Use a mandoline or knife to slice the squash thinly as for scalloped potatoes.  In large pot, bring water to a boil and add squash.  Set timer for 12 minutes. Drain squash.  In greased 9 x 13-inch (23 x 33 cm) baking pan, layer half the chayote and onion.  Sprinkle half salt and pepper over chayote.  Sprinkle lightly with seasoning salt to taste.  Dot with half the cream cheese.  Layer half the Provolone cheese, OR cheese of choice over chayote; repeat process one more time.

In medium bowl, add egg; beat with fork.  Add Hood® Calorie Countdown Milk, OR Carolyn’s Low-Carb Milk, page 18, whipping cream, Gluten-Free Bake Mix, page 71 and baking powder; mix well.  Pour over chayotes and bake in 350°F (180°C) oven 35 to 40 minutes, or until golden brown.

Helpful Hints:  Barbara cooks her squash in the pressure cooker for 2 minutes.  If you can handle more carbs, increase the Gluten-Free Bake Mix by about 2 tbsp (30 mL).

Yield:   8 servings
1 serving
238.0 calories
13.5 g protein
18.3 g fat
3.6 g net carbs



Early Human Diets 

Long before Twinkies, Frosted Flakes, and Coca-Cola were such a regular part of the human diet, think about what our early ancestors ate to survive. This is many years before the advent of agriculture and the only food that was available to consume back then was what you could hunt and gather. During Paleolithic times, it was not uncommon for men to use primitive weaponry to hunt down wild game that could feed their family for weeks at a time. Meat and a few edible plants were just about all these early humans were able to consume which means their diet was naturally low in carbohydrates and higher in fat and protein. Some would argue that humans are genetically adapted to eating a high-fat, moderate protein, low-carb diet and that hearkening back to Paleo times with our nutrition is what will help solve the obesity and chronic disease crisis of modern man. There's a very strong subset of low-carb in today's society who follow the concept of a Paleo diet that tends to be lower in carbohydrates and higher in natural fats from real, whole foods. We'll meet some of today's leaders in the Paleo movement in a few more pages. But first, let's take a look at who helped put low-carb on the map!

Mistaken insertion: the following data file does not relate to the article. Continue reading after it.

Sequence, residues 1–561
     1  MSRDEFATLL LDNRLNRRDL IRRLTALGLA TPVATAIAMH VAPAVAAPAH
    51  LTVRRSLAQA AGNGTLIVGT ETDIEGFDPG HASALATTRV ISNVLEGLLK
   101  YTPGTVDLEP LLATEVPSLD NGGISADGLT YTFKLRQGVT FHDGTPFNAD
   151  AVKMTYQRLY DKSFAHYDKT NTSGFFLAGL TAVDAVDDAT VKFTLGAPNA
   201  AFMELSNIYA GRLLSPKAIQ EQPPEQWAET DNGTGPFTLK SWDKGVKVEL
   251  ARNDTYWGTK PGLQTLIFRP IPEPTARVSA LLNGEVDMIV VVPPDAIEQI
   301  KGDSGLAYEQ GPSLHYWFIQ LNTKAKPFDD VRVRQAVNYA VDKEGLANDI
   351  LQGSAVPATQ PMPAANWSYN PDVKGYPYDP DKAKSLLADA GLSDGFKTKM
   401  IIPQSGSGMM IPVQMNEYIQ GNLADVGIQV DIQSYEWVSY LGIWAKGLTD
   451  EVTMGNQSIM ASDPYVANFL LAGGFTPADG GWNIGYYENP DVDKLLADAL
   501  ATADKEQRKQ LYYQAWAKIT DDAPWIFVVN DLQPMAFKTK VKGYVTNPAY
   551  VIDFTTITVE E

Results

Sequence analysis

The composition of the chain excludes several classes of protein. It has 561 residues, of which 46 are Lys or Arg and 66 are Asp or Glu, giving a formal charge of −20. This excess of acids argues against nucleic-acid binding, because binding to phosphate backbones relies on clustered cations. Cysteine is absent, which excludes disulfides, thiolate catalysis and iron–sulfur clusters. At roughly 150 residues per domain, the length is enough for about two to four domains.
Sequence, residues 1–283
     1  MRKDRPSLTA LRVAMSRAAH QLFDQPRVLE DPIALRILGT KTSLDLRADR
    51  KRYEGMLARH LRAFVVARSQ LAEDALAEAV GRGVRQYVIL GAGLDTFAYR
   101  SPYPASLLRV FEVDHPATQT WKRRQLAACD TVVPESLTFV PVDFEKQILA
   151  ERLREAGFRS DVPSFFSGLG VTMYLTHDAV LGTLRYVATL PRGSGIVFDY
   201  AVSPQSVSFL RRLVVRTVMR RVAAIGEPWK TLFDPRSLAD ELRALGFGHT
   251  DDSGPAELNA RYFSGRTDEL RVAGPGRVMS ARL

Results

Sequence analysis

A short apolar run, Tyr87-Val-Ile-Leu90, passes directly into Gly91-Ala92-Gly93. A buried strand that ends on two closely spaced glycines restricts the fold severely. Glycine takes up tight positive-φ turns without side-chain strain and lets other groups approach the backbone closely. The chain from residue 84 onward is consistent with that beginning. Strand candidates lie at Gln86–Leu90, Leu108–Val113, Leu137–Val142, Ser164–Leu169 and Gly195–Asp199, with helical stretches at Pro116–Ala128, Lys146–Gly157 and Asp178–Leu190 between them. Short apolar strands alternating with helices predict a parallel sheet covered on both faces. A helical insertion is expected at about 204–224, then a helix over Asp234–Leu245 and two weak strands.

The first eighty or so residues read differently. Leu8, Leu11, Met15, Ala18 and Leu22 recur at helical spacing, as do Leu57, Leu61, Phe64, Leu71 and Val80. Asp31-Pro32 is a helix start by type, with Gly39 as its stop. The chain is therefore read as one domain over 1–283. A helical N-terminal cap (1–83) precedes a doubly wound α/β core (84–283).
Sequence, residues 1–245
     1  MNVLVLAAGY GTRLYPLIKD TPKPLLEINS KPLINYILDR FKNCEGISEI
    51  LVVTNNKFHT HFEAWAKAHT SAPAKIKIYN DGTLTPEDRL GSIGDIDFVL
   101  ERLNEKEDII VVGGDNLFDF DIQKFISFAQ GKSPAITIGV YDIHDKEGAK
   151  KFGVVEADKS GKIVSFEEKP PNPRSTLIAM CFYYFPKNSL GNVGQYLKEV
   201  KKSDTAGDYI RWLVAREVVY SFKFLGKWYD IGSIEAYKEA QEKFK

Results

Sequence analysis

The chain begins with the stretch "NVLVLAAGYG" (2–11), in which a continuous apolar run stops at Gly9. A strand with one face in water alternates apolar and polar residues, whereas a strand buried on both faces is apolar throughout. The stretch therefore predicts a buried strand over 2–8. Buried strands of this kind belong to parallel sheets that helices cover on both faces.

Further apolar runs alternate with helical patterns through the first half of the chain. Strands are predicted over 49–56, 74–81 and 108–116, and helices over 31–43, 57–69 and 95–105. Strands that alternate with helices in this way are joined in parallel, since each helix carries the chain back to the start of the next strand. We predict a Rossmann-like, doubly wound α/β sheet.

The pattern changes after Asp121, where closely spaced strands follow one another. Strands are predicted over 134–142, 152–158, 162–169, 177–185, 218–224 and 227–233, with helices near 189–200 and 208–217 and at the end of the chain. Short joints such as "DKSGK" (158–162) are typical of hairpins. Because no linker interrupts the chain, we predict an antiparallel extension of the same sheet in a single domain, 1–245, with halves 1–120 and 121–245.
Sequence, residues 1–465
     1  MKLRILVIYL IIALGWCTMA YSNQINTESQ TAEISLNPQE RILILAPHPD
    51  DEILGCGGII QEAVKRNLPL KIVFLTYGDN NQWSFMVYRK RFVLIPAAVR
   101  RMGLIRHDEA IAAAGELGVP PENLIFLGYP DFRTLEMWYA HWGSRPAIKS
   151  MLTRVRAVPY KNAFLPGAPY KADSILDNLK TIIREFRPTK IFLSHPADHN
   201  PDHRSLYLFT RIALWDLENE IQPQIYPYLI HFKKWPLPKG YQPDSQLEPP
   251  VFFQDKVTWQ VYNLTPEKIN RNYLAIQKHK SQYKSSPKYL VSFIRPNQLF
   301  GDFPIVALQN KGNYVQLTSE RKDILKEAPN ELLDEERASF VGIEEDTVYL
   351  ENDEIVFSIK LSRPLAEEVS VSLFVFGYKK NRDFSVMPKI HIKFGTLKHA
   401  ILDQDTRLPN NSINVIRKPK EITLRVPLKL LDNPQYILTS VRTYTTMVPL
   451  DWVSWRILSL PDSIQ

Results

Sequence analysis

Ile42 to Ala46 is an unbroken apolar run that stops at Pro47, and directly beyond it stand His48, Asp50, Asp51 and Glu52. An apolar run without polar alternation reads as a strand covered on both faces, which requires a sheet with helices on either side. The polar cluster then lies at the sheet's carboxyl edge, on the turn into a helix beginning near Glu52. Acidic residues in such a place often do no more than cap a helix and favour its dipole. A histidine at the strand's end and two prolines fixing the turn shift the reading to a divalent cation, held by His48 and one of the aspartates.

The Low-Carb Diet Era Begins